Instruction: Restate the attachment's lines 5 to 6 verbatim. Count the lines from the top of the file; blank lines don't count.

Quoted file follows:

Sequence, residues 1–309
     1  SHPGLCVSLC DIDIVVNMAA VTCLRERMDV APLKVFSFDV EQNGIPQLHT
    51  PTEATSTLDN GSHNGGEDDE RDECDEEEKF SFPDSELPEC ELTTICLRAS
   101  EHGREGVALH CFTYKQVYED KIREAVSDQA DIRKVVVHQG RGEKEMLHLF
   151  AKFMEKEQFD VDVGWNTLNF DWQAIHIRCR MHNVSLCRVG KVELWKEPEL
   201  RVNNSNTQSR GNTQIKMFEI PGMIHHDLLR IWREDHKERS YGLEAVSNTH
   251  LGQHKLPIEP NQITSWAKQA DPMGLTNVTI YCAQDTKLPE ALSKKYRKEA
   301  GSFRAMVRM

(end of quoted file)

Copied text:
   151  AKFMEKEQFD VDVGWNTLNF DWQAIHIRCR MHNVSLCRVG KVELWKEPEL
   201  RVNNSNTQSR GNTQIKMFEI PGMIHHDLLR IWREDHKERS YGLEAVSNTH